Young people in Alabama and around the country have a much greater risk of being arrested than do older adults, according to a study. People who are younger than age 26 are much likelier to be arrested, and the rates of arrest for women and Caucasian people are increasing the fastest.
Researchers with the RAND Corporation conducted the study. The researchers found that people who were between the ages of 26 and 35 were 3.6 times likelier to have been arrested than people who were over the age of 66.
The education level of the people was correlated with the likelihood of arrest. Among men between the ages of 26 and 35 who had less than a high school education, 60 percent had been arrested. By contrast, 23 percent of men in the same age group who had graduated from college had been arrested. Among women who were older than age 66, just one out of 100 had been arrested prior to reaching age 26. By contrast, one out of every seven women who were between the ages of 26 and 35 had been arrested prior to reaching age 26.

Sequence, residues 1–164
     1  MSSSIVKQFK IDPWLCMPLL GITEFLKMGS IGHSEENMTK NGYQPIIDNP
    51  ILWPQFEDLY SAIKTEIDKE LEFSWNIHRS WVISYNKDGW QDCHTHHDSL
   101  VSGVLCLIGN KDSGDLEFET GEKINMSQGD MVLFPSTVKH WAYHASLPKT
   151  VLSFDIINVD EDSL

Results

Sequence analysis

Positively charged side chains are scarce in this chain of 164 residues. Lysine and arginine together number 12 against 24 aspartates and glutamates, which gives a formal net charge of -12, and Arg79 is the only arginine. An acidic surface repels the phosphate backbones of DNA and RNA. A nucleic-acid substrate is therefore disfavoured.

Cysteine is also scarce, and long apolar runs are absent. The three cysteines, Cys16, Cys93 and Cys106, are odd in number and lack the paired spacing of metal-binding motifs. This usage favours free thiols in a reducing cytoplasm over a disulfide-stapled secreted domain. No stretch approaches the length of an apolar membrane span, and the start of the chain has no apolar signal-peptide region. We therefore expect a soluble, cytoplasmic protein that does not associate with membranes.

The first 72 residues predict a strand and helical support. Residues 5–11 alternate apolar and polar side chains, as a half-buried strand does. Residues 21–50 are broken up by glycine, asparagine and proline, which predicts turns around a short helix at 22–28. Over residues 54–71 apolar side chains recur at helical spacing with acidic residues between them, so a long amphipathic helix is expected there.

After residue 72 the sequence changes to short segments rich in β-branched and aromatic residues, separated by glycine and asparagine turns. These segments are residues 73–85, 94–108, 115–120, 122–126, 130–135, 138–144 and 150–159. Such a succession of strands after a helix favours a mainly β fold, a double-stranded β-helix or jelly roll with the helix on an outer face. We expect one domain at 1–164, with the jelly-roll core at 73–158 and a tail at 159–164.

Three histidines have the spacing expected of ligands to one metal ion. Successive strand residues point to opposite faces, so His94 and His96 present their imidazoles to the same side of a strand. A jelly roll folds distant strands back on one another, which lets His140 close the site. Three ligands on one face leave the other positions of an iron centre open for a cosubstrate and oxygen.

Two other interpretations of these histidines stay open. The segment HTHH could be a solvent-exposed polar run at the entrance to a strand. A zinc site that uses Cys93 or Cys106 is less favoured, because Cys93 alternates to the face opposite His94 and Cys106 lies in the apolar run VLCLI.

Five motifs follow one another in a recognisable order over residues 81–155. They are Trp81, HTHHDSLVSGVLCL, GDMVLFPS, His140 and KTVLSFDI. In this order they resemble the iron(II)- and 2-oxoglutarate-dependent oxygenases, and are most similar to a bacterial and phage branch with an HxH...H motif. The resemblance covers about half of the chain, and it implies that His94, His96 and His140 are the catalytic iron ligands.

People who are charged with misdemeanors or felonies may face long-lasting consequences. While convictions can lead to incarceration, probation, fines, and other penalties, the collateral consequences may extend long after the sentences are completed. People may have trouble securing college loans, gaining approval for rentals, or finding employment. People who are charged with crimes might want to seek help from experienced criminal defense lawyers as soon as possible after they have been charged. The attorneys may be able to negotiate favorable plea offers or win dismissal of the charges against their clients.
Source: Study Finds, "Young Americans nearly 4X more likely to have been arrested than older adults", Ben Renner, March 7, 2019